“Housing First” Intervention May Not Reduce Obesity-related Issues in Homeless People With Mental Health Difficulties

“Housing First” Intervention May Not Reduce Obesity-related Issues in Homeless People With Mental Health Difficulties

Housing is an important factor in public health. In general, individuals who experience long-term homelessness also experience worse health outcomes and premature mortality compared to people who live in a domicile, with studies conducted in the United States indicating that homeless individuals experience high rates of overweight and obesity.

In a recent study published in the journal PLOS ONE, a team of researchers at St. Michael’s Hospital explored the question of whether having stable housing could lead to weight loss, since access to housing generally means that people have the opportunity to buy, store and prepare food with higher nutritional value than they would if they were living on the street. In addition, making the transition to stable housing may be part of a positive lifestyle modification for those who are homeless.

However, results from a recent study entitled “The Impact of a 24 Month Housing First Intervention on Participants’ Body Mass Index and Waist Circumference: Results from the At Home / Chez Soi Toronto Site Randomized Controlled Trial, conducted Dr. Stephen Hwang, director of the hospital’s Centre for Research on Inner City Health and colleagues, showed that over 24 months, neither the Body Mass Index nor the waistline circumference of the people involved in their study changed significantly.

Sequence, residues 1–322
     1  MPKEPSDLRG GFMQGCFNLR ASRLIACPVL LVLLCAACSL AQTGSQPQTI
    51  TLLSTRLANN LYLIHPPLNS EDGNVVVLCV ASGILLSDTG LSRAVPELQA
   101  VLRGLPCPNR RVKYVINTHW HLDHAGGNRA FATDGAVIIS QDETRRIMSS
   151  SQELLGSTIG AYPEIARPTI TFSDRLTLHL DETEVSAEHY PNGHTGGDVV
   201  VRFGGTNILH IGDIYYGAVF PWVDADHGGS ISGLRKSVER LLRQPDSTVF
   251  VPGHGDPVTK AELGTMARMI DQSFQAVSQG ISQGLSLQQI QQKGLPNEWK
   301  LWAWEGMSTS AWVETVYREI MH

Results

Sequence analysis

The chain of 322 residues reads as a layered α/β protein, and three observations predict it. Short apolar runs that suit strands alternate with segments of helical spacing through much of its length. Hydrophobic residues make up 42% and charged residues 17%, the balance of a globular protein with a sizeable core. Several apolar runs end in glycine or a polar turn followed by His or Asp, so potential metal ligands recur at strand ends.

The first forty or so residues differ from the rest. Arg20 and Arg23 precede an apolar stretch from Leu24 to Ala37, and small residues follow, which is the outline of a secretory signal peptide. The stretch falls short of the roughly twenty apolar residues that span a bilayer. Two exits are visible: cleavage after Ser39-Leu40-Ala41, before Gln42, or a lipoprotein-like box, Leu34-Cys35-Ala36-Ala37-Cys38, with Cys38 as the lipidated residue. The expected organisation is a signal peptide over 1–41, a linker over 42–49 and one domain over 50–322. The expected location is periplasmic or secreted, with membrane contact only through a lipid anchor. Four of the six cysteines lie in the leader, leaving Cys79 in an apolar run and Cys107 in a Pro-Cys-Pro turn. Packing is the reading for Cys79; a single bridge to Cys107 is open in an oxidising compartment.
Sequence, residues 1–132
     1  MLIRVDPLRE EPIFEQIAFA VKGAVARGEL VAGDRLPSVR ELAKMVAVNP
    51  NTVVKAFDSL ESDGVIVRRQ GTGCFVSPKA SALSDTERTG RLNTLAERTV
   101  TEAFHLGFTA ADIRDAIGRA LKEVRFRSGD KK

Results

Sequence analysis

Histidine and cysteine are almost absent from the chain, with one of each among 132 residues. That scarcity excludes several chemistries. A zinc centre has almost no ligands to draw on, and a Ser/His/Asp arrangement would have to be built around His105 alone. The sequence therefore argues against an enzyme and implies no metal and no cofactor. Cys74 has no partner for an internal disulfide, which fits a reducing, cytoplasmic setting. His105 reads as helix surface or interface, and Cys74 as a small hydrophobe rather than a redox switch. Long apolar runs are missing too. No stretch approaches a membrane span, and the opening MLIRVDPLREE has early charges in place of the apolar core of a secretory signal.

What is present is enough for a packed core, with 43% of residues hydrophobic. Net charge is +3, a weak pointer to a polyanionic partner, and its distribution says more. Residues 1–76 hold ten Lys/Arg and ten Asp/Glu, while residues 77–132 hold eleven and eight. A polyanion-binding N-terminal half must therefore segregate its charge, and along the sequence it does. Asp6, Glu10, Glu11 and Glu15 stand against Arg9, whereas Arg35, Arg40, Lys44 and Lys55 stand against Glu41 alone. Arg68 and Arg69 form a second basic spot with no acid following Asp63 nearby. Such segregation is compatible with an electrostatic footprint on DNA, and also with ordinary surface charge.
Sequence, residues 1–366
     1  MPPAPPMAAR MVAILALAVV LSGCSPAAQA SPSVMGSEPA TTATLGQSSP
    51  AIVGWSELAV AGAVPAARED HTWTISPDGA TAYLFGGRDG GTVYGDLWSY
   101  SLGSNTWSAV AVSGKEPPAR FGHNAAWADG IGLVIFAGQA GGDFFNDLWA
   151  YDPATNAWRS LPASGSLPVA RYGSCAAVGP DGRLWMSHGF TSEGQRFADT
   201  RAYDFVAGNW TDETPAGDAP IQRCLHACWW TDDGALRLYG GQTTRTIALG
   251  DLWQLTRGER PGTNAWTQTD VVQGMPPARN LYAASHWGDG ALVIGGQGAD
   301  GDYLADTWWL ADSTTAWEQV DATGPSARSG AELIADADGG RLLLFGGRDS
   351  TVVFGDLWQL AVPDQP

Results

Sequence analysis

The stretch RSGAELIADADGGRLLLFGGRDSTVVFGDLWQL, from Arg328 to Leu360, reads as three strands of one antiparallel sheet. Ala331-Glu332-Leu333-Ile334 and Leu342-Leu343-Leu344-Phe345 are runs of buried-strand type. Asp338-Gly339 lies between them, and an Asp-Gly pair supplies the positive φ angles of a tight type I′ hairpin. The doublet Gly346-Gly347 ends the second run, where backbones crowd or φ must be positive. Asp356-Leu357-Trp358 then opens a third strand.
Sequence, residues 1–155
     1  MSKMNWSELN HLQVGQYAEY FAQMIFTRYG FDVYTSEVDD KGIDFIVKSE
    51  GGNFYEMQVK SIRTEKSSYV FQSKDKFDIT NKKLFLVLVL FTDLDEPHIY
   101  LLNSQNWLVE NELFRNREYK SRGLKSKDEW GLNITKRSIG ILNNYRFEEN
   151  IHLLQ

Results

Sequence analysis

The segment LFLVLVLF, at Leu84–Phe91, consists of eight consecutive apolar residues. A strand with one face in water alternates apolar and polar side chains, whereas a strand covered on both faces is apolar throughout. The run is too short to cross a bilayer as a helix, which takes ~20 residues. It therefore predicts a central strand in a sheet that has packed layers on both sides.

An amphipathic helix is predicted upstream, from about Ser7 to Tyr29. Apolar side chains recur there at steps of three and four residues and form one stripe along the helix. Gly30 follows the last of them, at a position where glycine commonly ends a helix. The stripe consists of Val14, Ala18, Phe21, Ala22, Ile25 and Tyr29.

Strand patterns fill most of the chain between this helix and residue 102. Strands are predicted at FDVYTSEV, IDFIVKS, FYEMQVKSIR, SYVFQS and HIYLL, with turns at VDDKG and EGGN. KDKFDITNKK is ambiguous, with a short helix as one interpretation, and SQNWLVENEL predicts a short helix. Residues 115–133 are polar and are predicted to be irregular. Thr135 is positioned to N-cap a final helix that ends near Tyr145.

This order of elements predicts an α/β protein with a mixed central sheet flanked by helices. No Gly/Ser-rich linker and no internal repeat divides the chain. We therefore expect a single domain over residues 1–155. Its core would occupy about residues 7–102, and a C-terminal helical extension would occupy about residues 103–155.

In the study, the researchers used longitudinal data from 575 participants at the Toronto site of the At Home/Chez Soi randomized controlled trial, a study that evaluated a “housing first” approach, where people are given a house without any prerequisites like seeing a psychiatrist or achieving sobriety. Then, people were offered support as necessary.

The study aim was to investigate the impact of receiving a Housing First intervention on the Body Mass Index (BMI) and waist circumference of participants with moderate and high needs for mental health support services.

According to Dr. Hawang, all study participants had mental health difficulties, and if they were engaged in the study they could have been prescribed appropriate drugs that can either cause weight loss or weight gain (as a side effect). The same types of weight changes could have also occurred if there were changes in drug and alcohol use.

“Our findings suggest we need a better understanding of factors contributing to overweight, obesity and high waist circumference in people who have a history of precarious housing and poverty as well as other concerns such as mental illness and additions,” Dr. Hwang said.

The researchers further indicated that additional research is needed to determine which support programs are necessary and could be included to improve weight status in individuals who receive housing through Housing First interventions.

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